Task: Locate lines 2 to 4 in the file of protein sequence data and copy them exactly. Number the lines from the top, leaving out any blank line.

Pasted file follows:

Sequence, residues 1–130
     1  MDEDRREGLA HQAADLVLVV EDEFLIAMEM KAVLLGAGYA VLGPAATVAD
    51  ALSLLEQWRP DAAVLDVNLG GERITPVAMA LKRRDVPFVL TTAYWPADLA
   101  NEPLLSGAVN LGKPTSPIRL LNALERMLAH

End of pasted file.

     1  MDEDRREGLA HQAADLVLVV EDEFLIAMEM KAVLLGAGYA VLGPAATVAD
    51  ALSLLEQWRP DAAVLDVNLG GERITPVAMA LKRRDVPFVL TTAYWPADLA
   101  NEPLLSGAVN LGKPTSPIRL LNALERMLAH